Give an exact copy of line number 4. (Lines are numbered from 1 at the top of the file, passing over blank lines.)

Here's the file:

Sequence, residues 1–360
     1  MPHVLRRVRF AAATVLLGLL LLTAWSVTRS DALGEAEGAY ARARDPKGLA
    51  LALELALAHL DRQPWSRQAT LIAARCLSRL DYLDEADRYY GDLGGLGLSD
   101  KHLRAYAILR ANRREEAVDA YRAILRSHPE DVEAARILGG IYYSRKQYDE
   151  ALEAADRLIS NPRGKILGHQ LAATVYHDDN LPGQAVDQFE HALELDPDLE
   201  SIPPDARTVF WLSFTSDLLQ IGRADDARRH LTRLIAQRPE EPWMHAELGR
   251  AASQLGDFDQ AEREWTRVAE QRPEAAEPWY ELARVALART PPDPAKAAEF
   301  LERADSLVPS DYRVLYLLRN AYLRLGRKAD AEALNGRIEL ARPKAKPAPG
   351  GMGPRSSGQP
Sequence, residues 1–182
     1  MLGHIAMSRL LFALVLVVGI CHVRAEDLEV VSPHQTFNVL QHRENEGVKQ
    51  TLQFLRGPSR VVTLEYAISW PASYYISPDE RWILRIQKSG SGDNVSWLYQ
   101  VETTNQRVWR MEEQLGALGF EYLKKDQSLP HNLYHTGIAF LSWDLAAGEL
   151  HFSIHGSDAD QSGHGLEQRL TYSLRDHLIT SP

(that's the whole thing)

   101  KHLRAYAILR ANRREEAVDA YRAILRSHPE DVEAARILGG IYYSRKQYDE